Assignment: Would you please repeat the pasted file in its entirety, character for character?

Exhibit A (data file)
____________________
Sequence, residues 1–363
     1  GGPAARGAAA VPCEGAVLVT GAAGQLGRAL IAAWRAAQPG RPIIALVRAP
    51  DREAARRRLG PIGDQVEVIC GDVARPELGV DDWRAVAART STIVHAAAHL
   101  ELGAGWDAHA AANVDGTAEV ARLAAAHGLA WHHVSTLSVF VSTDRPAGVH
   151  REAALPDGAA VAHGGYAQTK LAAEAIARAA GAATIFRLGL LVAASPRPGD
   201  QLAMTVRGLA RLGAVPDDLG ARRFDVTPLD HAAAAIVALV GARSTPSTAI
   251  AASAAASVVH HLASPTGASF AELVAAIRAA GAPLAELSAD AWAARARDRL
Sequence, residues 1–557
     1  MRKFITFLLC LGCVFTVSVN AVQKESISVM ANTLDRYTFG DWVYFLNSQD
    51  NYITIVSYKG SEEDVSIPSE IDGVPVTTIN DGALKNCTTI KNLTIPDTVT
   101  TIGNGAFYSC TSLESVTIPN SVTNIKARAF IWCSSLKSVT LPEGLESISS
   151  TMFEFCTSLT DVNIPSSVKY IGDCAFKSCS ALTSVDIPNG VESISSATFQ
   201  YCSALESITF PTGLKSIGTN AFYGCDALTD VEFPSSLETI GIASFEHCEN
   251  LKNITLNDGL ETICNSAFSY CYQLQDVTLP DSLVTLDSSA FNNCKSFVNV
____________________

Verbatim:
Sequence, residues 1–363
     1  GGPAARGAAA VPCEGAVLVT GAAGQLGRAL IAAWRAAQPG RPIIALVRAP
    51  DREAARRRLG PIGDQVEVIC GDVARPELGV DDWRAVAART STIVHAAAHL
   101  ELGAGWDAHA AANVDGTAEV ARLAAAHGLA WHHVSTLSVF VSTDRPAGVH
   151  REAALPDGAA VAHGGYAQTK LAAEAIARAA GAATIFRLGL LVAASPRPGD
   201  QLAMTVRGLA RLGAVPDDLG ARRFDVTPLD HAAAAIVALV GARSTPSTAI
   251  AASAAASVVH HLASPTGASF AELVAAIRAA GAPLAELSAD AWAARARDRL
Sequence, residues 1–557
     1  MRKFITFLLC LGCVFTVSVN AVQKESISVM ANTLDRYTFG DWVYFLNSQD
    51  NYITIVSYKG SEEDVSIPSE IDGVPVTTIN DGALKNCTTI KNLTIPDTVT
   101  TIGNGAFYSC TSLESVTIPN SVTNIKARAF IWCSSLKSVT LPEGLESISS
   151  TMFEFCTSLT DVNIPSSVKY IGDCAFKSCS ALTSVDIPNG VESISSATFQ
   201  YCSALESITF PTGLKSIGTN AFYGCDALTD VEFPSSLETI GIASFEHCEN
   251  LKNITLNDGL ETICNSAFSY CYQLQDVTLP DSLVTLDSSA FNNCKSFVNV